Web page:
ISLAMABAD - Afghan representative Noor Mohammad Hashmat on Wednesday urged Pakistan, Iran and other neighboring states to invest in his country and help strengthen law-enforcement agencies in Kabul to eliminate cultivation source of drugs in order to break the supply and demand of illicit drugs.

“Collaboration with Afghanistan in the capacity building of law-enforcement agencies, alternative development and reduction in demand of drugs is mandatory to curtail threats of narcotics in the region,” Afghan representative Noor Muhammad Hashmat said, while speaking at the “Regional Counter-Narcotics Seminar and Workshop” organised by United Nations Office for Drugs and Crime (UNODC) and Anti-Narcotics Force (ANF).

Hashmat who is considered to be one of the leading experts on narcotics control in Afghanistan said his country was home to 90 percent of opium cultivation in the world and suggested that the cultivation source could only be reduced with the help of the neighbouring countries by strengthening the anti-drug authorities in Kabul.

He said the drug seizure rate was based on the opium produced in Afghanistan on annual basis. The easiest, the most effective and efficient way of supply control is to eliminate the cultivation source, he said, adding the neighbouring countries should invest in the area of law-enforcement in Afghanistan to control the supply of drugs.

Hashmat maintained that reduction of opium production in one area can increase the production in the other, because the global drug addiction is an attractive market for drug trade. “Control over drug market and introduction of effective and efficient drug treatment modalities is necessary for eradication of the menace,” he observed.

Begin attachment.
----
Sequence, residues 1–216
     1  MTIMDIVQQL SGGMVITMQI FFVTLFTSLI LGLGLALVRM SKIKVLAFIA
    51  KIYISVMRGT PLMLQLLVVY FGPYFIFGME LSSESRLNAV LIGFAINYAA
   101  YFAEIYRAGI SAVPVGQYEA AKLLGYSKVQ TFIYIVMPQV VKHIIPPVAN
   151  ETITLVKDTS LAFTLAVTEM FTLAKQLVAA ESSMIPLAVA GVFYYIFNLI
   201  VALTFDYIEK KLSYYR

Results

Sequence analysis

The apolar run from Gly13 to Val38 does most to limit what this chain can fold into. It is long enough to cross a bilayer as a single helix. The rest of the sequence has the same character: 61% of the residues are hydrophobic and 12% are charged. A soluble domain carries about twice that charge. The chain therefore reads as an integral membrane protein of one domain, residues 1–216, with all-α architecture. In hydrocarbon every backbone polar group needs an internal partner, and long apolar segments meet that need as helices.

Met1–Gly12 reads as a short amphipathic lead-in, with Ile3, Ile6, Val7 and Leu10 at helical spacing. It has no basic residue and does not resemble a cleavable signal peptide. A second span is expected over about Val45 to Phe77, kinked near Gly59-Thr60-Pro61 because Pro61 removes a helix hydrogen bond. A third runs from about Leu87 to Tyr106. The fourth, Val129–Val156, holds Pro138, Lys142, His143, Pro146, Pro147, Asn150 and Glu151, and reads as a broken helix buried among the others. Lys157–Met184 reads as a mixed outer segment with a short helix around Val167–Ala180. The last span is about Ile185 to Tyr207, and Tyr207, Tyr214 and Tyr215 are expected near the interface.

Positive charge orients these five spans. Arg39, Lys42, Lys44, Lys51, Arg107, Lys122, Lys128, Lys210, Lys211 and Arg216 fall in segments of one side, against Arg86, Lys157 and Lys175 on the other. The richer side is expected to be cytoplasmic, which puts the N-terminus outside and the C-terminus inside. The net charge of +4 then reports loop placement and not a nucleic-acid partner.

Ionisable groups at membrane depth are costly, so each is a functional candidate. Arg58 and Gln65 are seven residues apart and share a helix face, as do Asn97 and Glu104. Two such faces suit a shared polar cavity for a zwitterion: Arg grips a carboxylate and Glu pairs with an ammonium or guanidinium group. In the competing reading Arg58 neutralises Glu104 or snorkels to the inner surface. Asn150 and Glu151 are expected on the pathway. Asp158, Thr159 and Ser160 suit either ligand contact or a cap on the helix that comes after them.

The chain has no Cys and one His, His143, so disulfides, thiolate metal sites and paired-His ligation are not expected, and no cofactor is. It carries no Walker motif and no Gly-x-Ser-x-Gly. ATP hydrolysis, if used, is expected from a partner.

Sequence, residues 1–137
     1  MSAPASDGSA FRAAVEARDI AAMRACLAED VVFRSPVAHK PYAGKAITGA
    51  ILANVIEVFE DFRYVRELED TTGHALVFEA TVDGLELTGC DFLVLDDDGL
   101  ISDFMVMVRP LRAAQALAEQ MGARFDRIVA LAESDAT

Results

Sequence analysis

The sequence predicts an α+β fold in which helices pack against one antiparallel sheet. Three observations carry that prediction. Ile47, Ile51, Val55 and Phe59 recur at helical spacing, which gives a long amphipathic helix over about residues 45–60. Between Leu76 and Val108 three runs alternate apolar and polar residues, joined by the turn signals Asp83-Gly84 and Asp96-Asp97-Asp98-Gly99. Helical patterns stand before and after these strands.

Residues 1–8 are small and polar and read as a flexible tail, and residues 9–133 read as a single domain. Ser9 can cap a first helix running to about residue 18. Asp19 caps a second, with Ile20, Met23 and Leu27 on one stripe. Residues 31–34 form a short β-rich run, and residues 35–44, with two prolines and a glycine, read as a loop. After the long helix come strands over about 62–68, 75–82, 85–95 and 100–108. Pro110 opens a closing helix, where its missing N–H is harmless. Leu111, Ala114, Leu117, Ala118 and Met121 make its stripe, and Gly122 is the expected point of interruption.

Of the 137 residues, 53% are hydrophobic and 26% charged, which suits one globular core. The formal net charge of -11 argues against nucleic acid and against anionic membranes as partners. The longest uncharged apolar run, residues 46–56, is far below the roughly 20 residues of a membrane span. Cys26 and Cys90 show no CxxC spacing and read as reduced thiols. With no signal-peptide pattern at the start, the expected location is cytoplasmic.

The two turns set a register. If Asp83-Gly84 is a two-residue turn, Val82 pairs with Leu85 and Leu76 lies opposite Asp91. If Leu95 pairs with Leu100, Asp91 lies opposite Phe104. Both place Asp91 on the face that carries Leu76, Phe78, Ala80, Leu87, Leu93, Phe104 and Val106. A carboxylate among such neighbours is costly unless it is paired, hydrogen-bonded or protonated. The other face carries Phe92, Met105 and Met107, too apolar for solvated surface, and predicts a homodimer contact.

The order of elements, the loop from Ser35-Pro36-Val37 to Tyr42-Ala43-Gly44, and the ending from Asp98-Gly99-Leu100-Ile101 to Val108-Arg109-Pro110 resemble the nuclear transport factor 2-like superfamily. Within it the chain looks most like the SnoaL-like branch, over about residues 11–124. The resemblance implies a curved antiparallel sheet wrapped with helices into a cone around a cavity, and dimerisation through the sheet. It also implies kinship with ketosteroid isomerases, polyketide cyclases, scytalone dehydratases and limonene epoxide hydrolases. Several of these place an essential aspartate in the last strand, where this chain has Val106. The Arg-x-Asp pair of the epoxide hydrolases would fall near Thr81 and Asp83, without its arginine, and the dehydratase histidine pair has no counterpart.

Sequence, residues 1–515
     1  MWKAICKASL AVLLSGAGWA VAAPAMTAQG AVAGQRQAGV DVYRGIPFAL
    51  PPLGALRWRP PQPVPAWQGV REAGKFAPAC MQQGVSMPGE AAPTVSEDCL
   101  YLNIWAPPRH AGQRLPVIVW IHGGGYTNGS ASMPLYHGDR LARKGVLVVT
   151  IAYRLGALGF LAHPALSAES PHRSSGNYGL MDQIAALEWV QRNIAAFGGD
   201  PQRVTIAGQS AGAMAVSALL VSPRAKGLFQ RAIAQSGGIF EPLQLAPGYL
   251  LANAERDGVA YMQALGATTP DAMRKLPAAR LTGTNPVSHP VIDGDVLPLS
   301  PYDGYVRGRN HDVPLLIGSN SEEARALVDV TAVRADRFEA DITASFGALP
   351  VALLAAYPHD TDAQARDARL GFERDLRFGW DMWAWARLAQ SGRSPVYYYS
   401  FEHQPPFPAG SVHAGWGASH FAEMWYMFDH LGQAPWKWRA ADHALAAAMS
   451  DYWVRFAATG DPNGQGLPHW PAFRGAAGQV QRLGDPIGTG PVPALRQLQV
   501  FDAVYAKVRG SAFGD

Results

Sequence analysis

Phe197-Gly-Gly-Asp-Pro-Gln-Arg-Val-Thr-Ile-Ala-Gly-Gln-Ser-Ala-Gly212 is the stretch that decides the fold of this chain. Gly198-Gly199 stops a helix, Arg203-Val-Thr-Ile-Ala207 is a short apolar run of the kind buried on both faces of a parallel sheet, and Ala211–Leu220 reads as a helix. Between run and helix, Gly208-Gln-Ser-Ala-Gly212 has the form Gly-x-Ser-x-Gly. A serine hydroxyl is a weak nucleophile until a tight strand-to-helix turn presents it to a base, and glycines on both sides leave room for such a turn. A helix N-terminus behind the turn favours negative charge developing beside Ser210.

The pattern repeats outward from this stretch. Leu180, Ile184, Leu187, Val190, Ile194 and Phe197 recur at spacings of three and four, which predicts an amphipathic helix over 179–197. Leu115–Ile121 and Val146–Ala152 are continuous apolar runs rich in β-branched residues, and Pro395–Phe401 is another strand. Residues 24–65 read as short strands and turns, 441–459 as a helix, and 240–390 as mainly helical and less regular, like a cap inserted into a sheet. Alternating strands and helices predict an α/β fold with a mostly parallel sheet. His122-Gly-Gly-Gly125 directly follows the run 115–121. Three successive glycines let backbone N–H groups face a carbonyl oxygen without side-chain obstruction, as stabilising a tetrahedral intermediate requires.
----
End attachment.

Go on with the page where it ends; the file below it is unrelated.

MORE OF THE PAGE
He said peace and security is essential to control drug trafficking. “Insecurity not only creates a good environment for farmers to grow opium poppy and limits the choice of alternative income opportunities available to farmers, but also facilitates anti-government elements to intensify their insurgence and terrorist activities through financial incentives of the drug business,” he maintained.

He said absence of proper systems and processes to stop money laundering fuels corruption, terrorism and instability, so each country should set up a strong financial intelligence unit (FIU) to identify the money laundering areas and arrest the people involved in it, he opined.

Dr Ali Reza Jazini, deputy secretary general, Iranian Drug Control Headquarters, said because of the failure of the development projects and other measures carried out by the international community in Afghanistan, the level of cultivation and production of opiates there has increased alarmingly.

Owing to rise in drug production and flow from Afghanistan, Iran has given preference to the implementation of a balanced strategy, incorporating demand and supply reduction as well as promotion of regional and international cooperation for combating the global scourge of illicit drugs, he said.

He said Iran believes that controlling drug-related proceeds means cutting drug traffickers’ lifeline. Various regulatory bodies have been added to the committees associated with the detection of drug-related proceeds, restricting the domain of drug-trafficking activities, he averred. “Halting cultivation and production which is a point of commonality amongst all drug-control programmes in the world will not be realised without the global support,” he held.

Aamir Abdullah of Gulf Cooperation Council’s Criminal Intelligence Centre (GCCC-IC), in his presentation, said the centre holds a course-specialised training in the mechanism of control over precursor chemicals.

He said the centre also coordinates the efforts made by the member states in combating drugs and chemical precursors. The GCCC-IC is collecting data related to illicit trafficking in drugs and chemical precursors, he said.